Detective DuBois says video footage is an excellent way to show the public what events take place leading up to various situations. The ability to show the back story of an incident reveals much to the public and allows them to be more understanding toward officers’ actions.
What's more, the use of these cameras enjoys overwhelming citizen support. Ninety-four percent of the civilian respondents in the IACP study expressed approval.
4. Dash cam video evidence improves conviction rates
The use of dash cams has increased conviction rates for most cases. Officers may now collect any evidence of value and still have video as an additional piece of evidence for cases.
In some instances where there is no other evidence collected, the unit cam remains as a source of evidentiary value. In most cases, juries appreciate the ability to review dash cam footage so they have the clearest perception of the events in question. This may also provide a more solid account and, in turn, help the police officer win their case.
Indeed, 93% of prosecutors surveyed as part of the IACP study rated the use of this video evidence in court as successful or highly successful.
5. Dash cam videos can be used for police officer training
Each situation encountered and recorded may be used as a tool for training police academy recruits, new police officers and veteran cops.
Departments can take advantage of dash cam video to demonstrate good and bad police actions. By reviewing video footage police officers can learn from mistakes, as well as view positive behavior and successful police tactics.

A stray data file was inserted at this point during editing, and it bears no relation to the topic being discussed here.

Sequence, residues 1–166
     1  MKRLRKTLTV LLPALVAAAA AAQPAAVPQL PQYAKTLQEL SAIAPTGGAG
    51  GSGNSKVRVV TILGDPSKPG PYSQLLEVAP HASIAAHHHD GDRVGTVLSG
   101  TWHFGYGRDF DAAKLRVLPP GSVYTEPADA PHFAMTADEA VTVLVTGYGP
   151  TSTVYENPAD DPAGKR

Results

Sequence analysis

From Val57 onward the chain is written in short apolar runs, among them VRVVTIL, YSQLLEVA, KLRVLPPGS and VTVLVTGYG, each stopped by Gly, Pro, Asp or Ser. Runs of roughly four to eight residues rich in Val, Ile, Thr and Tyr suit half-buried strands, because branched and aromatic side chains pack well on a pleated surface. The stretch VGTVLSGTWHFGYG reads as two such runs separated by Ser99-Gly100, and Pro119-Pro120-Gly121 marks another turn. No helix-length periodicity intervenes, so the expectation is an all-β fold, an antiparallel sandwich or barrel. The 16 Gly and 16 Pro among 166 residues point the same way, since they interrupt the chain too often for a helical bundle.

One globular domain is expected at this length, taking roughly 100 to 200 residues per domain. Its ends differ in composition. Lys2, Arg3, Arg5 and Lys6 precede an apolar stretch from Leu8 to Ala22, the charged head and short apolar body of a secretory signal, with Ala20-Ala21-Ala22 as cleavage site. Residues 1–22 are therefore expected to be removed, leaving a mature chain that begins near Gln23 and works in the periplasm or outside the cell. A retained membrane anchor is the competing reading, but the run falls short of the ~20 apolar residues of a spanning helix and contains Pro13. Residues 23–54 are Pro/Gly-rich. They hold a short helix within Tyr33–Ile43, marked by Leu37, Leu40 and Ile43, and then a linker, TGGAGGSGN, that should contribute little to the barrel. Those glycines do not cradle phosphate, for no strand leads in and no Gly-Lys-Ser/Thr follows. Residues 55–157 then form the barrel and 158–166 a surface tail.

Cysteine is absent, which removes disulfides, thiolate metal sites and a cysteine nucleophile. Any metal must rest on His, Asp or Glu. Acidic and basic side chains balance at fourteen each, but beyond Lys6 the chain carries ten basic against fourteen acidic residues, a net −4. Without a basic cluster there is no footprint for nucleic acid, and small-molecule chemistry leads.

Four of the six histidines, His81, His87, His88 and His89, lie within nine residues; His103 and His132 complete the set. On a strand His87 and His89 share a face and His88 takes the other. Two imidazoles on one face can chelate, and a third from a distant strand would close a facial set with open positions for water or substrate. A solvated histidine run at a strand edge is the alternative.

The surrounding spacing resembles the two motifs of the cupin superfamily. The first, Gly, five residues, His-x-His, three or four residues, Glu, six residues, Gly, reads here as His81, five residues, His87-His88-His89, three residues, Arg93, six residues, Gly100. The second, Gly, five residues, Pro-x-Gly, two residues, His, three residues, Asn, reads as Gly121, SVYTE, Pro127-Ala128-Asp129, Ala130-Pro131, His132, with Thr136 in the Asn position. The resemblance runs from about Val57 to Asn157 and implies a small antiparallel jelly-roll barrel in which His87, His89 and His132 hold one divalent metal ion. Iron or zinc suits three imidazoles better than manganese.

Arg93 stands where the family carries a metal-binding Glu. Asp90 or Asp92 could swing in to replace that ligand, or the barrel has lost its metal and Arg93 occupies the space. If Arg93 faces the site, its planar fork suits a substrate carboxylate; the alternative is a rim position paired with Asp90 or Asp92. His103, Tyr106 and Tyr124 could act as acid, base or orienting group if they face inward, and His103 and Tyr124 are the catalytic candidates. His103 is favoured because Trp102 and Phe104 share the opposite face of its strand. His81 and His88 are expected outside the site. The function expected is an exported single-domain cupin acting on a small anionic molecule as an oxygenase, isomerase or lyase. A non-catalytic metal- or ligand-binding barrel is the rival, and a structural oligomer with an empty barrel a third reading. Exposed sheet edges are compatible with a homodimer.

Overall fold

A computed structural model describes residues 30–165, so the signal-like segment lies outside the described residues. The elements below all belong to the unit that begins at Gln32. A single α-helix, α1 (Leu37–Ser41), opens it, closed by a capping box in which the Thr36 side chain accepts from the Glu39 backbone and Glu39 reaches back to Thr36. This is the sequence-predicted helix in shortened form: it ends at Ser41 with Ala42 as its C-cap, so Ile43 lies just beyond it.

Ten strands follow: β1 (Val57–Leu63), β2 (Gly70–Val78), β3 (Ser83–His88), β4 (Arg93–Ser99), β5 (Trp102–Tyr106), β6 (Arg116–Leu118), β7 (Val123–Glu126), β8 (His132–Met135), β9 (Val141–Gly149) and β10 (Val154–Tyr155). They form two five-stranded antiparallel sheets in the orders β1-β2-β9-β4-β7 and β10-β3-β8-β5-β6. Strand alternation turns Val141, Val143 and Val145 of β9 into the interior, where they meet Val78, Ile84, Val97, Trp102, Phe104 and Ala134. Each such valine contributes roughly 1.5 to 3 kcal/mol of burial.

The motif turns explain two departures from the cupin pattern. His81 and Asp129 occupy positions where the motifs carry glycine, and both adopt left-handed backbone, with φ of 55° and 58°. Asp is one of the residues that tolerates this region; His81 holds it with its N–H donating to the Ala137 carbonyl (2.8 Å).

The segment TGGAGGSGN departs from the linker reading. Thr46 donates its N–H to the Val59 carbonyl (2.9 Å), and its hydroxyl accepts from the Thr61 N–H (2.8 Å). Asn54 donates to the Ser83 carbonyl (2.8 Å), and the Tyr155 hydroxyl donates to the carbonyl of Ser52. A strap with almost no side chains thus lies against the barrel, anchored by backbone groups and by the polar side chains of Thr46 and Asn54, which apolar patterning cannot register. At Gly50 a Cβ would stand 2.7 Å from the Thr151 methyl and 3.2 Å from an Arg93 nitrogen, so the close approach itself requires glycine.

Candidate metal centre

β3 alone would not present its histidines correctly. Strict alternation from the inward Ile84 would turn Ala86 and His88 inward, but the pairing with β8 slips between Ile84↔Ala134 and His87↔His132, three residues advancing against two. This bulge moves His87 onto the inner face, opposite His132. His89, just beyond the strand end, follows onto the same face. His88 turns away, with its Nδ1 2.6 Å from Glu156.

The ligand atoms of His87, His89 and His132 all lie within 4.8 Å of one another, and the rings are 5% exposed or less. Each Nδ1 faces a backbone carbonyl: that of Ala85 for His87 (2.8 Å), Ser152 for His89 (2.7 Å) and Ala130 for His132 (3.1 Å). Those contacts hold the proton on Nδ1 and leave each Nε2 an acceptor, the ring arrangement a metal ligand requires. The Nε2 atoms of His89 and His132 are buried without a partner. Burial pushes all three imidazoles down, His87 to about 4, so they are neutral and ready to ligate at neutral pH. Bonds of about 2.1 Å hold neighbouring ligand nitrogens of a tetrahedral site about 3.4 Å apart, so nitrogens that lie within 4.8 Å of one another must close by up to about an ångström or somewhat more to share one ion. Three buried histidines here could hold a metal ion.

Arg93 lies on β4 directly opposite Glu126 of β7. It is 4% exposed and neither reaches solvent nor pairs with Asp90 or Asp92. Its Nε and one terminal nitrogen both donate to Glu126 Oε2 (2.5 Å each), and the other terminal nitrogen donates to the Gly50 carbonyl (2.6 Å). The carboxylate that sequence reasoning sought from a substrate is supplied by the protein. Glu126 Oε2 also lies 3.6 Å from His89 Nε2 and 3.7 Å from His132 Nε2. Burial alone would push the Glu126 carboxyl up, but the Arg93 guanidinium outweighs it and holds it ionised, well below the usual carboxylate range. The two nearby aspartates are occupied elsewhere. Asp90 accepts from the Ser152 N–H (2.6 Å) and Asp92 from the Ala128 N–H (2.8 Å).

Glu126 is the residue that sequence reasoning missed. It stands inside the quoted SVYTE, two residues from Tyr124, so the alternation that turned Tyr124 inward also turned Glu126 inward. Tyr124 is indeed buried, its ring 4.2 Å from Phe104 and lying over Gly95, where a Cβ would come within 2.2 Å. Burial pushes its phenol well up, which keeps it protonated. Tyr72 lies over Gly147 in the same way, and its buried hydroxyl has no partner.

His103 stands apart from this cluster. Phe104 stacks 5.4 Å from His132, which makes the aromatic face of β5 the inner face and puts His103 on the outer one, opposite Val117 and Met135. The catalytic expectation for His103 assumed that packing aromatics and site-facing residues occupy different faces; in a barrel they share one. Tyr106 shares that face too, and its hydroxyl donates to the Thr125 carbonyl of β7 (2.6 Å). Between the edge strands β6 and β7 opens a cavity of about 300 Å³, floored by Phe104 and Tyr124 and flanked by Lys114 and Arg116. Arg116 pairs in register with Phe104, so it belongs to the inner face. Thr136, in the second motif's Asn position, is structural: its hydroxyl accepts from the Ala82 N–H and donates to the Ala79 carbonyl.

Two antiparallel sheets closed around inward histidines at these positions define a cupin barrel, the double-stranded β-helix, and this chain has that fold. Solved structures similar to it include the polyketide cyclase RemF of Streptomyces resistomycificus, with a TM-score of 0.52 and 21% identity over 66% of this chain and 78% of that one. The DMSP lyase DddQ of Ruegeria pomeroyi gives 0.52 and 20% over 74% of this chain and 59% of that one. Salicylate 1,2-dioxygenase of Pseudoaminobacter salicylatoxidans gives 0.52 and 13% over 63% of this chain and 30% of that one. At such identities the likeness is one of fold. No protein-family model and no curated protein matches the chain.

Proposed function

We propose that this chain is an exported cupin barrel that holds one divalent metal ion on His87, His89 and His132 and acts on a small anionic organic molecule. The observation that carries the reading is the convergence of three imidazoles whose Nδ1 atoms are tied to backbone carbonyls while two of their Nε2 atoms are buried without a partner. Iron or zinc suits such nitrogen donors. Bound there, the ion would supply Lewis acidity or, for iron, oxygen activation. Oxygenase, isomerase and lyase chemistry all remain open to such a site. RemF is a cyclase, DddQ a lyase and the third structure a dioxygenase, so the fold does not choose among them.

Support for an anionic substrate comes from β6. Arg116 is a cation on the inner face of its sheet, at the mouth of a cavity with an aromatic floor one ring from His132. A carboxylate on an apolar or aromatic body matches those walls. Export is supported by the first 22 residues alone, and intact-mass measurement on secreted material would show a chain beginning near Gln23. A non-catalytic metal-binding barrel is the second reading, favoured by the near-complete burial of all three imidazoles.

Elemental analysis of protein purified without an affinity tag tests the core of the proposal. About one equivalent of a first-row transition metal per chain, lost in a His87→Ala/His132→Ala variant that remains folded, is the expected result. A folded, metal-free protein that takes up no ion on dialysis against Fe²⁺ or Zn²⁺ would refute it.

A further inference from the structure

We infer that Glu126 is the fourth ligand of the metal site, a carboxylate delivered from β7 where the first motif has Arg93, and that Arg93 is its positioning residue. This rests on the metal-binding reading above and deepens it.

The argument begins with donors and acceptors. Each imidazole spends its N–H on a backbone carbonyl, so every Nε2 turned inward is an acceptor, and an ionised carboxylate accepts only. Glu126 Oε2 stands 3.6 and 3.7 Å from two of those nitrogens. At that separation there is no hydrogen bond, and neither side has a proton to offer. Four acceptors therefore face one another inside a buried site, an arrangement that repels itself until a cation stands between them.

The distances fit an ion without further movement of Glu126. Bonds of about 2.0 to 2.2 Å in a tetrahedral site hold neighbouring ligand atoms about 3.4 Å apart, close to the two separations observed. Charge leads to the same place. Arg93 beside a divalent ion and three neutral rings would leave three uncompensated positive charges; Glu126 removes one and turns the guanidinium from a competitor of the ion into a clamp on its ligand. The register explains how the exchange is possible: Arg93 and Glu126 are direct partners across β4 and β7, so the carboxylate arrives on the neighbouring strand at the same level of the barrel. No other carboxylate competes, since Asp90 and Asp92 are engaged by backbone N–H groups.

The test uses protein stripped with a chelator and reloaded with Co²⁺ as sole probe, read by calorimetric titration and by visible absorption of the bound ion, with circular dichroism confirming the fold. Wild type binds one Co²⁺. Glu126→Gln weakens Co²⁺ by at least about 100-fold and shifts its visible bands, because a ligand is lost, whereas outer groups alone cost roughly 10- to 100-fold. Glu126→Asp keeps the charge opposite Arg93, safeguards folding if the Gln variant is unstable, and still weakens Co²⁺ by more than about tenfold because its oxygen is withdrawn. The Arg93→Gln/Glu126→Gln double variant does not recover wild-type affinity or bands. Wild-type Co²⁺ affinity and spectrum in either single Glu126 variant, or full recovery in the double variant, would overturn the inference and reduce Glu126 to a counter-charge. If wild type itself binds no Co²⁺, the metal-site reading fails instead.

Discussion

Detective DuBois says video footage allows officers to assess the response to a specific situation and use it to make integral improvements in regard to officer safety. This type of review may also help police officers understand what could have been done to make a situation better.
Additionally, the ability to slow video frames down is an equally helpful teaching tool. DuBois says whether it is a use of force incident, or an uneventful traffic stop, viewing a recording in this can only enhance an officer’s knowledge and perspective.
As a whole, in-car video systems are also convenient. Most are equipped in such a way that once police officers are on their agency’s property, they can instantly upload their unit camera footage to the agency’s cloud. Numerous software systems are designed especially for this purpose.
Today's dash cameras are also incredibly sophisticated, with many offering not only full HD video, but also built-in license plate and facial recognition capabilities and even live streaming back to headquarters.
At the end of day, though, it all comes back to basics: Having valuable evidence such as video is one way for police officers to maintain integrity with the visuals to back up their actions.
Learn more: How to buy in-car camera systems (a Police1 guide)
This article, originally published January 2018, has been updated.